Elizabeth already knew Stanford well. Her family had lived in
Woodside, California, a few miles from the Stanford campus, for
several years in the late 1980s and early 1990s. While there, she had
become friends with a girl who lived next door named Jesse Draper.
Jesse’s father was Tim Draper, a third-generation venture capitalist
who was on his way to becoming one of the Valley’s most successful
Elizabeth had another connection to Stanford: Chinese. Her father
had traveled to China a lot for work and decided his children should
learn Mandarin, so he and Noel had arranged for a tutor to come to
the house in Houston on Saturday mornings. Midway through high
school, Elizabeth talked her way into Stanford’s summer Mandarin
program. It was only supposed to be open to college students, but she
impressed the program’s director enough with her fluency that he
made an exception. The first five weeks were taught on the Stanford
campus in Palo Alto, followed by four weeks of instruction in Beijing.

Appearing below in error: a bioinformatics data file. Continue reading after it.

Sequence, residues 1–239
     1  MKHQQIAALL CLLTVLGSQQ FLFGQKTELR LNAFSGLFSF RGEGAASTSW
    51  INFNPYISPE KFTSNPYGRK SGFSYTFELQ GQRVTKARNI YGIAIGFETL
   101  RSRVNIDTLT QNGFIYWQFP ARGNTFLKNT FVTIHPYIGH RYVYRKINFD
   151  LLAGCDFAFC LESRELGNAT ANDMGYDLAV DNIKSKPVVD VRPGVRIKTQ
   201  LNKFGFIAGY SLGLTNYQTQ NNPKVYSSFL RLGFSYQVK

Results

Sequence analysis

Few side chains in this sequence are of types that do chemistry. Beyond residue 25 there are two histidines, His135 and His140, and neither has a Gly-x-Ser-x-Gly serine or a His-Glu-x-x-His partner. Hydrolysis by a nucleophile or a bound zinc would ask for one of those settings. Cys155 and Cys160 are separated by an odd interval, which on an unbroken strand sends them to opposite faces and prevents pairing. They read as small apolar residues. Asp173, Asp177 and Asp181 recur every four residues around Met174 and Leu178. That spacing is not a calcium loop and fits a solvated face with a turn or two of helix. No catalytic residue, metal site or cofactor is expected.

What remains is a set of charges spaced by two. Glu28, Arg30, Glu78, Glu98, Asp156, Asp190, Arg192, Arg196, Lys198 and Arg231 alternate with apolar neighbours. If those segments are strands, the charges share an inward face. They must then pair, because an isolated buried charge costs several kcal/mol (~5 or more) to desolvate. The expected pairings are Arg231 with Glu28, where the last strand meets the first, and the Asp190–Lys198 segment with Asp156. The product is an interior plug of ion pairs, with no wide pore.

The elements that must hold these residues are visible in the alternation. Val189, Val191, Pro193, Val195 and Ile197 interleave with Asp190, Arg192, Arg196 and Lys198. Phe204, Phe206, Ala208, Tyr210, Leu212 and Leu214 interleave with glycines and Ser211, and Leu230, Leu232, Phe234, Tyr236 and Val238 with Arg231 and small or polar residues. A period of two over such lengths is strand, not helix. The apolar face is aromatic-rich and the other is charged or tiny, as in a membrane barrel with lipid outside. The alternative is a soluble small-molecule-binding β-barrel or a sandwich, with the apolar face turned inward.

ELIZABETH WAS ACCEPTED to Stanford in the spring of 2002 as a
President’s Scholar, a distinction bestowed on top students that came
with a three-thousand-dollar grant she could use to pursue any
intellectual interest of her choosing.
Her father had drilled into her the notion that she should live a
purposeful life. During his career in public service, Chris Holmes had
overseen humanitarian efforts like the 1980 Mariel boatlift, in which
more than one hundred thousand Cubans and Haitians migrated to
the United States. There were pictures around the house of him
providing disaster relief in war-torn countries. The message Elizabeth
took away from them is that if she wanted to truly leave her mark on
the world, she would need to accomplish something that furthered the
greater good, not just become rich. Biotechnology offered the prospect
of achieving both. She chose to study chemical engineering, a field that
provided a natural gateway to the industry.
The face of Stanford’s chemical engineering department was